Bowel Cancer

January 2019

As the second leading cause of cancer deaths, please allow me to reassure you that tackling bowel cancer remains a key priority of the NHS.
With five-year survival rates for bowel cancer now at 59 per cent, up from just 24 per cent in the 1970s, I welcome the great progress which has been made towards improving outcomes for patients with this type of cancer. That said, more remains to be done and I am encouraged by recent action taken to improve early diagnosis of bowel cancer, a key aspect of fighting the disease.
Currently, a one-off bowel cancer screening test is available for over 55-year olds, while those aged between 60 and 74 are automatically invited to perform a home test every two years. I am encouraged that a new, easier to use, more accurate home test kit is being introduced across England this autumn, which is expected to increase participation in these home tests by 7 per cent. Moreover, I was delighted by the Government's recent commitment to lower the age restriction to ensure all those aged 50 to 74 are offered these home tests every two years. This will help to detect the stages of bowel cancer much earlier, and I am glad that work is now underway to determine how best to achieve this aim.
These measures form just part of the NHS's ambitious wider strategy to improve cancer outcomes and save 30,000 lives per year by 2020. Following the announcement of a £20 billion real terms increase in the budget of NHS England, I am more confident than ever that the cancer strategy will achieve this aim.

I am encouraged that £882 million has been spent on cancer research since 2010 through the National Institute for Health Research, with annual spending on cancer research up by over £35 million since 2010. I also recognise the indispensable contribution made by charities in driving forward research into cancer, with Cancer Research UK alone spending £42 million on bowel cancer over the last financial year.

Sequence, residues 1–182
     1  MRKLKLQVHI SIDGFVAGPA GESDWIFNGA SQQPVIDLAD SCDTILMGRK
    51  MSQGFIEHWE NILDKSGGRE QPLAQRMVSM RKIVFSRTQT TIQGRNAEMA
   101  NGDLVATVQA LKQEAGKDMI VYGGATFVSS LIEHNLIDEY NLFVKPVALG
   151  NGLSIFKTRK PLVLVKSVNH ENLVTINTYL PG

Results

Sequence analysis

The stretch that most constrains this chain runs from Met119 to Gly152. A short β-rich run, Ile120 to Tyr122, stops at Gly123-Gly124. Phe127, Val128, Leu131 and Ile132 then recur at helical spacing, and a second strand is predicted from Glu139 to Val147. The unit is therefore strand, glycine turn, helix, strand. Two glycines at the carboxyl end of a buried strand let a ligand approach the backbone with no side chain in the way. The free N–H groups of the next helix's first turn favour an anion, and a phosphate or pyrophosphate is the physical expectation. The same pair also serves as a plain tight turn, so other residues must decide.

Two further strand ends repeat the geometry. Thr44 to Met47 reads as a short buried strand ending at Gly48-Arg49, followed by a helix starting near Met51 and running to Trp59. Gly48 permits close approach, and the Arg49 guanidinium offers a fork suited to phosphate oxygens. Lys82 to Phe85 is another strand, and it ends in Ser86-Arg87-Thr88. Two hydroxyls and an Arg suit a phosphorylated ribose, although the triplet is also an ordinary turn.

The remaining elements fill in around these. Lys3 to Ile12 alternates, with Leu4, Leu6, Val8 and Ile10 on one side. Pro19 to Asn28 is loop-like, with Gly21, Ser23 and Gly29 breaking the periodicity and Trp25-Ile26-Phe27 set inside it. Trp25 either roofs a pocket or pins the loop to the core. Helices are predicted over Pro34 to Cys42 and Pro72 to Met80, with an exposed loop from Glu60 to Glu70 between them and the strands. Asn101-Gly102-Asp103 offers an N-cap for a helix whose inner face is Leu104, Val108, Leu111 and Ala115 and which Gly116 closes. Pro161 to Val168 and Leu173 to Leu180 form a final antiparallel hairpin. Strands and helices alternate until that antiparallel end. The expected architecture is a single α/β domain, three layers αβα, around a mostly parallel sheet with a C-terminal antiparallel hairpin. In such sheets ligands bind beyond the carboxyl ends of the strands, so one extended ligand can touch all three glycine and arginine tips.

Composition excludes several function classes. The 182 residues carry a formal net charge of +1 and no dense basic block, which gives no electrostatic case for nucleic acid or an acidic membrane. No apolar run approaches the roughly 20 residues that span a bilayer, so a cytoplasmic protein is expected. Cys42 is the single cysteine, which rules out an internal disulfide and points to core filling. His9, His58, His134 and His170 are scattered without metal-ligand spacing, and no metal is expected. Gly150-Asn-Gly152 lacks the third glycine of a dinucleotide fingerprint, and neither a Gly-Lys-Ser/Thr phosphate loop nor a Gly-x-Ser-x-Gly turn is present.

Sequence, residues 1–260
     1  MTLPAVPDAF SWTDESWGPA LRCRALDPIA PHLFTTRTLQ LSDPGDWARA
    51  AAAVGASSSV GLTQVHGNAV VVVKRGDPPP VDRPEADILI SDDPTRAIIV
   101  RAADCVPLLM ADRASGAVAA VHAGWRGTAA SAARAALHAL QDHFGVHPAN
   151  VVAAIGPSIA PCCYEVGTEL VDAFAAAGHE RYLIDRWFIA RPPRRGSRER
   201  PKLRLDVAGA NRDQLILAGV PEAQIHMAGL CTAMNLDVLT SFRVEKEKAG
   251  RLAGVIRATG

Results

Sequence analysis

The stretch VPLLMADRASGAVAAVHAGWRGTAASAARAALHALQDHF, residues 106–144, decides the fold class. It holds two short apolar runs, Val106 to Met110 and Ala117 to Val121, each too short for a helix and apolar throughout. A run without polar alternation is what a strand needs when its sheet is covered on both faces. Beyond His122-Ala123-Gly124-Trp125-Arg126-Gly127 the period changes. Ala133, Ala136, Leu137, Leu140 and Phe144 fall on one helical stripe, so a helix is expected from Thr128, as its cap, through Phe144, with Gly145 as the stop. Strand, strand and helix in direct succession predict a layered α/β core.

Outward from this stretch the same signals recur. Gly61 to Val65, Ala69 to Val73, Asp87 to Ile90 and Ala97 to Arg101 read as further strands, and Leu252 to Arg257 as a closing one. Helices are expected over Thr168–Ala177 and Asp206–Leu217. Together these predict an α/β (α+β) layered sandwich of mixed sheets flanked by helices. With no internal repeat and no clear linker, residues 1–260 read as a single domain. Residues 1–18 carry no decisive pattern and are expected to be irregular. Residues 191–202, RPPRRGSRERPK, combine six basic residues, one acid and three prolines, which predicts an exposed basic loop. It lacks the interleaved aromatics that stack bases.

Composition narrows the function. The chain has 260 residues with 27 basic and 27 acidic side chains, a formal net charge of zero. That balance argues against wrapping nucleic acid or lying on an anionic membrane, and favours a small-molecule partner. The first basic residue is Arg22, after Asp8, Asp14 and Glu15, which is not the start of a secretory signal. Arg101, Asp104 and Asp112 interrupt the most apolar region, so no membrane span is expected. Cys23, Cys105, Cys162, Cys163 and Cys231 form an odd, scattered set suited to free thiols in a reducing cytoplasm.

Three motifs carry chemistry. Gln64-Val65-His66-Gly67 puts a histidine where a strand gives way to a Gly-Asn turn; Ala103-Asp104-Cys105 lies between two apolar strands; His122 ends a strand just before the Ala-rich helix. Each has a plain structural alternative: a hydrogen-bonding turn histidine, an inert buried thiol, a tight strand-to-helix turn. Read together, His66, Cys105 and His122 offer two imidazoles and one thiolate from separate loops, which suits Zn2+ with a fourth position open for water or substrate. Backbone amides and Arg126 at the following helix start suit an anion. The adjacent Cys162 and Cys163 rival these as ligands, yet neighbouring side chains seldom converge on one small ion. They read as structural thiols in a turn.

Between 2010-11 and 2016-17, £882 million has been spent by the NIHR on cancer research. Annual spending by the NIHR on cancer has grown from £100.9m in 2010/11 to £136.8m in 2016/17, this is an increase of £35.9 million.

Following recommendations from the independent Cancer Taskforce's strategy for England, and the UK National Screening Committee, the Government has decided to roll out faecal immunochemical testing for haemoglobin (FIT) for the home testing kit. With FIT easier to use than the current test, pilot work has shown that FIT will increase the proportion of people taking part by around 7 per cent. FIT is also more accurate in detecting potential cancers, and is expected to be rolled out across England in the autumn and in August, the Government announced its intention to reduce the age limit on home tests for bowel cancer to 50. Work is now underway to consider how best to achieve this aim. The Government has also announced that this alteration will not affect the roll out of FIT, which will be offered to all aged 60 to 74 as soon as possible, expected in the autumn.